National Cancer Prevention Month: Rising Trends and How to Combat Them With Samuel Kareff, Matthew Hadfield, Waqas Haque, and Joseph Kalis

In honor of National Cancer Prevention Month 2024, members of the Oncology Data Advisor Editorial Board and Fellows Forum sat down for a panel discussion about the rising incidence of cancer diagnoses, factors contributing to them, and how to counsel patients in light of these emerging trends. 

Samuel Kareff, MD, MPH: Good afternoon, everyone. Welcome to the Oncology Data Advisor Fellows Forum. We have a very special edition this week for National Cancer Prevention Month. Ironically, we’re filming this on Mardi Gras, a day on which some folks may or may not participate in activities that are conducive to cancer development. At any rate, we’re going to go ahead and launch right into the special edition today.

On a more serious note, what we want to start off discussing here are some of the worrisome findings we’ve noted in US-based epidemiologic studies related to cancer burden within the US, specifically the rising incidence and prevalence of metastatic colorectal cancer in patients under age 50. We’ve recently seen some headlines talking about how colorectal cancer is now the leading cause of cancer death in men under 50 and the second-leading cause of cancer death in women under age 50, even though these numbers have actually been declining in adults age 65 and older. Now, we do know from risk-based studies that some of the sort of Western lifestyle attributes are contributing to this, such as increased red meat consumption, decreased fiber consumption, sedentary lifestyles, and others.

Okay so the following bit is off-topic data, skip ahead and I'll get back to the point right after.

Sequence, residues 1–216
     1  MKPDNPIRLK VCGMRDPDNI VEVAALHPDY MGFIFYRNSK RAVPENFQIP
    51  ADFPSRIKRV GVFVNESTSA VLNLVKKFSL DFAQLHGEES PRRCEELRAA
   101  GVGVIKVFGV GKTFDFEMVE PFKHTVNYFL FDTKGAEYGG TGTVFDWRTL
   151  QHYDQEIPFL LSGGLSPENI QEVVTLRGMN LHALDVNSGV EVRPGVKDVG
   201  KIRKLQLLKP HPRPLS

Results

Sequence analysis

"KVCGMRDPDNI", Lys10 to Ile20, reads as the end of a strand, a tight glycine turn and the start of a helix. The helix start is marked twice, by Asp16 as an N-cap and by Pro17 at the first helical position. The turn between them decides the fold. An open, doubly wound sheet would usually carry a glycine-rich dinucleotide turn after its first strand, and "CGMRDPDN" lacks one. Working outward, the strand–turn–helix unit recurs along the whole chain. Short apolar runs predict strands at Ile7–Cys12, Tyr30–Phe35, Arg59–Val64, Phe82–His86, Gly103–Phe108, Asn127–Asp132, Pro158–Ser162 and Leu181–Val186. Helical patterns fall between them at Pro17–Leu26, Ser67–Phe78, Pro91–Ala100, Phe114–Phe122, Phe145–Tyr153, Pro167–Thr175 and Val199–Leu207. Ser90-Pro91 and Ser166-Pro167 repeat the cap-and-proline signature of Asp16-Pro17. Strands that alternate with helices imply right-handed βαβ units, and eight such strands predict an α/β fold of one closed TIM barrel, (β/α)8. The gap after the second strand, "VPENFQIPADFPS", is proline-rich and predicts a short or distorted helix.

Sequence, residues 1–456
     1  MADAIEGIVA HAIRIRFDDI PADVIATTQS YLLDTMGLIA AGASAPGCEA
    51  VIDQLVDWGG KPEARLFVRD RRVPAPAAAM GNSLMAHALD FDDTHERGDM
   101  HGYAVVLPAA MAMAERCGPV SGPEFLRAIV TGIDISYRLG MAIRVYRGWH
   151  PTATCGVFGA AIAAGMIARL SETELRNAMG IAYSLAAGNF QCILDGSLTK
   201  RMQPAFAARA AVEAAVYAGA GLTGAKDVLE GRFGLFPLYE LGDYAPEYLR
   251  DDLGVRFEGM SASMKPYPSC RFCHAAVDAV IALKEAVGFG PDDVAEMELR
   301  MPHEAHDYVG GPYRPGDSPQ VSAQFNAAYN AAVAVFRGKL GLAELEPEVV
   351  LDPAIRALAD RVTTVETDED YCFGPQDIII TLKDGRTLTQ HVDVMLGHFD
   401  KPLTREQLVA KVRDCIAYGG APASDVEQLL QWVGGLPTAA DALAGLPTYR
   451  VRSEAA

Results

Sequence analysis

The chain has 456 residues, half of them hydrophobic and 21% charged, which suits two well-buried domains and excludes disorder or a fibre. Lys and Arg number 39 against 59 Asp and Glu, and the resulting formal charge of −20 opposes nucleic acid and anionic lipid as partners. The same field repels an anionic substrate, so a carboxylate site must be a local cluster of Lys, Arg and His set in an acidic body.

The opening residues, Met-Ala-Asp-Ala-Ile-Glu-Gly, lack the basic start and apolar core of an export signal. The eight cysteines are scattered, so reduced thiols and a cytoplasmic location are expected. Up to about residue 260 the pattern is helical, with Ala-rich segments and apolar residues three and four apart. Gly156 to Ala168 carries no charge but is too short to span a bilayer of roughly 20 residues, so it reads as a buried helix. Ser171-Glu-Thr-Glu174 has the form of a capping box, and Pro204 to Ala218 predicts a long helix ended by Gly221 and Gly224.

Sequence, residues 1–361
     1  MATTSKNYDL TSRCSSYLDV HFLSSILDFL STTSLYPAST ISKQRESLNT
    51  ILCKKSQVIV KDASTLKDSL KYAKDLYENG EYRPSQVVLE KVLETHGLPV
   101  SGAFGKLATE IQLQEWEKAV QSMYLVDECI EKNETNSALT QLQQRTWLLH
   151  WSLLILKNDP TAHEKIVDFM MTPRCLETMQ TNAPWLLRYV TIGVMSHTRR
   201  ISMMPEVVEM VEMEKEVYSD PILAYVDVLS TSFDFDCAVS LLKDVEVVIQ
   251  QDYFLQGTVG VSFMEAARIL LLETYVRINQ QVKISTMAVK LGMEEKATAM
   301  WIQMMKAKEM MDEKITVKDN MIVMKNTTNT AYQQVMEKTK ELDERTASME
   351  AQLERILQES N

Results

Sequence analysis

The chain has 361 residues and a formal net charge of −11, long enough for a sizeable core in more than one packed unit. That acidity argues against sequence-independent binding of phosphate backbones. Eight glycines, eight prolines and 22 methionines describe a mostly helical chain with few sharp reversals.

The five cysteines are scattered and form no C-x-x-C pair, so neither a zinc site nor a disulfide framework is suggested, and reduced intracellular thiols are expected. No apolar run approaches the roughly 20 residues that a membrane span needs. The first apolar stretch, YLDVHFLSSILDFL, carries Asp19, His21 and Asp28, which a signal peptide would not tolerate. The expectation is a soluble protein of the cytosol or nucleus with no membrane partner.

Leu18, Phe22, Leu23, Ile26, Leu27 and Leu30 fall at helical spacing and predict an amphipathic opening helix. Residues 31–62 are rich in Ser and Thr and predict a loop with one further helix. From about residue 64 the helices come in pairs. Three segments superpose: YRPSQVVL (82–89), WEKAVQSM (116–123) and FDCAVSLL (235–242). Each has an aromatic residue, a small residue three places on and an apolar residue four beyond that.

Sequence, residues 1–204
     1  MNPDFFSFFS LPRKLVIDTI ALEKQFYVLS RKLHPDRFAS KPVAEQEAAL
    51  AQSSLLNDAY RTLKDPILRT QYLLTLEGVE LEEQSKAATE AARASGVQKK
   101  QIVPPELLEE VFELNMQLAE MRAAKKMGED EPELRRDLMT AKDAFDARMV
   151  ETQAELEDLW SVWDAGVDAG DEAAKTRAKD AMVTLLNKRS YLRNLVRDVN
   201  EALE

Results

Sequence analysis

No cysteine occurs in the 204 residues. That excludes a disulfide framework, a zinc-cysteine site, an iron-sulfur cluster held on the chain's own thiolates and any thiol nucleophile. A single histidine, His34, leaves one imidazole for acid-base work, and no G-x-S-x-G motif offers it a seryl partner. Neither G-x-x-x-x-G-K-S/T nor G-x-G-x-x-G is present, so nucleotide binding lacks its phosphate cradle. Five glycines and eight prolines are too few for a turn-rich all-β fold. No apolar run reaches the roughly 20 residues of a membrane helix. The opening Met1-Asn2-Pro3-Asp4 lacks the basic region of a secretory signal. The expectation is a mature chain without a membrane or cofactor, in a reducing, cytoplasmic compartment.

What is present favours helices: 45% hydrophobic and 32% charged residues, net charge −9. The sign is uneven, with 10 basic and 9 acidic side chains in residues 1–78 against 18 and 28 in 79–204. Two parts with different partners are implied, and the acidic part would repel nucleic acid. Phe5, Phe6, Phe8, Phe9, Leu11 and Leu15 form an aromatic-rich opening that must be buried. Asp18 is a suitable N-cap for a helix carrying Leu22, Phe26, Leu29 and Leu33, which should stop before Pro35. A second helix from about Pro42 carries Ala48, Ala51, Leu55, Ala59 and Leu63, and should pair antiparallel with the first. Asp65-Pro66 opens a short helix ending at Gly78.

What I’m really hoping we can focus on today as this episode kicks off is, what are some of the trends that we’re seeing here in the clinic, and how are we counseling our patients to prevent the worrisome rise in colorectal cancer?

Matthew Hadfield, DO: It’s a remarkably concerning problem that I think everyone’s starting to pay more and more attention to over these last four or five years. Personally, one of my colleagues recently saw a patient on consults in the hospital who was 41 years old and had metastatic de novo colorectal cancer. It’s one of those things that you’re seeing in the news and the media at large is talking about this issue, but you’re also seeing it in clinic.

I think the big thing that all of us are wondering is, what is the underlying etiology for what’s driving this trend in colorectal cancer? I did want to bring up a really interesting article that I just recently read. It looks as though this rise in colorectal cancer could be a birth effect. It’s a birth cohort of patients that are coming of age right now, and it makes you wonder if there’s some type of exposure during pregnancy when this cohort of patients was conceived that could be leading this.

There was also a very interesting article recently about microplastics, essentially how we’re starting to use more and more plastics and are seeing increased plastic consumption. Microplastic breakdown in the environment ends up in our food and can cause gut inflammation. It’s concerning, and no one’s really teased this out yet. Hopefully, we can get a little bit more of a grasp on what’s driving this.

Joseph Kalis, PharmD, BCOP: Sam brought up some great points in the evidence. You see red meat, processed foods, and other things, and I think it could be multifactorial, like you said, with the generational effect. What were these patients or even their parents exposed to, and how does that carry forward genetically? I think you hit on a great point, Matt, about inflammation in the gut. As a patient myself, I had recently had some gastrointestinal (GI) workups and they were a lot more open to doing the colonoscopy earlier. It seems like some of this awareness is getting into fellows and other clinicians like us.